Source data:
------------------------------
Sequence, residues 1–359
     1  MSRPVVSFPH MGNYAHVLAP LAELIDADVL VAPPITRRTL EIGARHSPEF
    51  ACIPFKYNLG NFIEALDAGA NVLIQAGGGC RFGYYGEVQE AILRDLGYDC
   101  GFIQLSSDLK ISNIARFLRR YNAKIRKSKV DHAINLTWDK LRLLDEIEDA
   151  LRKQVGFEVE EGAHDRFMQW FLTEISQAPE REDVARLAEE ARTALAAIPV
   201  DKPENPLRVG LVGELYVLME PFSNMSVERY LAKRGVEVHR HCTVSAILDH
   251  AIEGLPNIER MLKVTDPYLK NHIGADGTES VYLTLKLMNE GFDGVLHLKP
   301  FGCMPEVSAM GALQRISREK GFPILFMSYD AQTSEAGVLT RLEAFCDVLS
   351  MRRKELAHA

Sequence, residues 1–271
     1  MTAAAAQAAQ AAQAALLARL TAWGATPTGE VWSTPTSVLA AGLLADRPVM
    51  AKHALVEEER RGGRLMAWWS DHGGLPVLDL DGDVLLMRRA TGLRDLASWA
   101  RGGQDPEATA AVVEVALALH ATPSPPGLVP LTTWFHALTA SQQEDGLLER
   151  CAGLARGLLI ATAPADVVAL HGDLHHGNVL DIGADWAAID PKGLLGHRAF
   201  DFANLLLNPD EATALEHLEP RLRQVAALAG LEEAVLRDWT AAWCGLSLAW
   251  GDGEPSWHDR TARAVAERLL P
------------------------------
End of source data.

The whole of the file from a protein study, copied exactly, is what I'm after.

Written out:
Sequence, residues 1–359
     1  MSRPVVSFPH MGNYAHVLAP LAELIDADVL VAPPITRRTL EIGARHSPEF
    51  ACIPFKYNLG NFIEALDAGA NVLIQAGGGC RFGYYGEVQE AILRDLGYDC
   101  GFIQLSSDLK ISNIARFLRR YNAKIRKSKV DHAINLTWDK LRLLDEIEDA
   151  LRKQVGFEVE EGAHDRFMQW FLTEISQAPE REDVARLAEE ARTALAAIPV
   201  DKPENPLRVG LVGELYVLME PFSNMSVERY LAKRGVEVHR HCTVSAILDH
   251  AIEGLPNIER MLKVTDPYLK NHIGADGTES VYLTLKLMNE GFDGVLHLKP
   301  FGCMPEVSAM GALQRISREK GFPILFMSYD AQTSEAGVLT RLEAFCDVLS
   351  MRRKELAHA

Sequence, residues 1–271
     1  MTAAAAQAAQ AAQAALLARL TAWGATPTGE VWSTPTSVLA AGLLADRPVM
    51  AKHALVEEER RGGRLMAWWS DHGGLPVLDL DGDVLLMRRA TGLRDLASWA
   101  RGGQDPEATA AVVEVALALH ATPSPPGLVP LTTWFHALTA SQQEDGLLER
   151  CAGLARGLLI ATAPADVVAL HGDLHHGNVL DIGADWAAID PKGLLGHRAF
   201  DFANLLLNPD EATALEHLEP RLRQVAALAG LEEAVLRDWT AAWCGLSLAW
   251  GDGEPSWHDR TARAVAERLL P